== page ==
A2 Microbes in the News (1/3) :The problem expands for avocado growers: 9 beetle species carry deadly fungus

“The problem expands for avocado growers: 9 beetle species carry deadly fungus”


Source: Science Daily –  https://www.sciencedaily.com/releases/2017/04/170412111714.htm


Summary: Originally determined to be ravaging avocado trees in South Florida by transmitting the laurel wilt pathogen, the red ambrosia beetle are determined to be rare in avocado groves, in addition to determining that 6 other species of beetle can transfer this pathogen. Researchers at the  University of Florida Institute of Food and Agricultural Sciences are now  seeking better strategies for controlling the transfer of of the disease causing fungal spores carried among these beetles.

Connection to Class: This article is essentially looking at the idea of microbial management to prevent the spread of disease. Our class lectures mainly look at how humans  can control disease using proper hygiene and other antimicrobial techniques(i.e. sterilization, antimicrobial agents, etc.). Scientists in this scenario are seeking ways at preventing the spread of disease causing fungal spores that ravage avocado groves.

Analysis: What I found most interesting about the article is the number of potential culprits causing the spread of the laurel wilt pathogen. Overall, I think this article is accurate and is meant to let the readers know that these researchers have changed the scope of their study and may potentially have better results in the future. Structurally, the article seemed straightforward and concise. It is easy read and isn’t dense full of scientific terminology that can  confuse casual readers.

Question(s): Have they looked at potential carriers that aren’t beetles such as other insects or wildlife? Additionally, is there options for eradicating the spores from the beetles or treating these avocado trees once they are infected by laurel wilt?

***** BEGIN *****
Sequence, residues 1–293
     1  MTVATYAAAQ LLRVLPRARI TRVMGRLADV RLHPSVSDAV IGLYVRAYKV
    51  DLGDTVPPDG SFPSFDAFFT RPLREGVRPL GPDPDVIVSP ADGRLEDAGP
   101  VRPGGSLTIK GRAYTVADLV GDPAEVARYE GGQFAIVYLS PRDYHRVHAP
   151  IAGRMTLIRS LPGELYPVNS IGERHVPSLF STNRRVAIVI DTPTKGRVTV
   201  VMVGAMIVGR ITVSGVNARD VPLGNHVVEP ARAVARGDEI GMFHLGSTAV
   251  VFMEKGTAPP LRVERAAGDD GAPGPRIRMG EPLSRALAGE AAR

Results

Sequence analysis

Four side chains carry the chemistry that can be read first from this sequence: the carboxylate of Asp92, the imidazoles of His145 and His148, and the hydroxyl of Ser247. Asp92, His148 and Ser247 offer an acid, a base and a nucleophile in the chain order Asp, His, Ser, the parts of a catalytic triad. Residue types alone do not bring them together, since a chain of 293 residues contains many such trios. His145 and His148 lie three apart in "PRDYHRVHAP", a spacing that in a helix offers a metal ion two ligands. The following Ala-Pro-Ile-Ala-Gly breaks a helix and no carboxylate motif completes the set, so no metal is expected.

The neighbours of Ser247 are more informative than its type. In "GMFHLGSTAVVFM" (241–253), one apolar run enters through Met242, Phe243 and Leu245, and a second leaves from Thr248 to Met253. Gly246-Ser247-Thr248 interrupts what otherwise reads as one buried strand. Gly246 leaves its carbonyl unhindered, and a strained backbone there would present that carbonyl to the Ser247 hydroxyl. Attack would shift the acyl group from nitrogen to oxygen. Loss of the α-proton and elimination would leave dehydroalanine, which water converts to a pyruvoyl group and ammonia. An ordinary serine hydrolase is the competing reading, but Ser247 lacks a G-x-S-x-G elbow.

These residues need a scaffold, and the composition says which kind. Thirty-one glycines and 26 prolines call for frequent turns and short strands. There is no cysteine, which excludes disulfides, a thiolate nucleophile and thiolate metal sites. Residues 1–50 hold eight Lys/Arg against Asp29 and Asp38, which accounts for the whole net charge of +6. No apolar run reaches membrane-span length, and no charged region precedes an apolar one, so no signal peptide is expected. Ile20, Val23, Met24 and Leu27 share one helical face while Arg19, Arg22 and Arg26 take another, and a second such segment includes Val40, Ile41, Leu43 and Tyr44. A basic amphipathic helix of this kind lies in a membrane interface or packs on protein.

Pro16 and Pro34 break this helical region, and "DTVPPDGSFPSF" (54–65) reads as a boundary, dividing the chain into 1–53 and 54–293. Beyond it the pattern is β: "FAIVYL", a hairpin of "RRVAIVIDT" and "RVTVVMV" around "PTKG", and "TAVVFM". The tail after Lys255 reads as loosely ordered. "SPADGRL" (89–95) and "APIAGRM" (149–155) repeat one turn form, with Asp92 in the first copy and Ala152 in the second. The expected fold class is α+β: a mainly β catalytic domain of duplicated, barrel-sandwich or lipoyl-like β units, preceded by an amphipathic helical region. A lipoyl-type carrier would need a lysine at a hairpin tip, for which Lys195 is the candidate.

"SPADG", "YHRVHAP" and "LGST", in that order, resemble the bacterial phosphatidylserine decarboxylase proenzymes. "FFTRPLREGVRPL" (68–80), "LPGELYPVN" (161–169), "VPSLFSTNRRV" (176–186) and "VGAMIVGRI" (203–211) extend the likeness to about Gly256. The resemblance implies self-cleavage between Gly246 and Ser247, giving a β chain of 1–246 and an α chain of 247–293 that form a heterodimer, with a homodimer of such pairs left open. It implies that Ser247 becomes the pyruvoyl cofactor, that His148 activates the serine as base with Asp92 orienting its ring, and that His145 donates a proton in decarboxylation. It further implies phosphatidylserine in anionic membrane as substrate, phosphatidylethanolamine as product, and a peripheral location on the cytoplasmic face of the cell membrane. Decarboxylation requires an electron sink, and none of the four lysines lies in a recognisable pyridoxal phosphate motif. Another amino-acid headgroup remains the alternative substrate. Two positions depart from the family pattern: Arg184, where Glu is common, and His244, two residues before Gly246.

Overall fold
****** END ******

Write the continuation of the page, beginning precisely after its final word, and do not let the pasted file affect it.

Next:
2 Comments for “A2 Microbes in the News (1/3) :The problem expands for avocado growers: 9 beetle species carry deadly fungus”



I agree with the conclusions you came to in your analysis and I like the style of writing this website uses to convey the information to the reader because its simple enough for most to understand, but complex enough that it shows that they performed valid studies. To answer your questions, I could not find evidence that they researched other potential carriers, but there is a drug for treating laurel wilt called Alamo®, and that treating the beetles would be an inefficient method due to the spores being able to survive regardless of the beetles’ survival and getting rid of the spore itself being a more costly process on the beetles in the wild.



This article also has a focus on causal agents and the means in which the fungi spreads.
I didn’t find any other possible carriers of the fungus, but I did find some possible solutions to laurel wilt. In 2008, a possible systemic fungicide, propiconazole, was tested against the fungus. They found that all trees treated with the fungicide did not develop the fungus for at least 30 weeks, while 9/10 of the untreated trees developed symptoms (https://www.fs.fed.us/r8/foresthealth/laurelwilt/resources/pubs/laurel_wilt_isa_auf_article.pdf)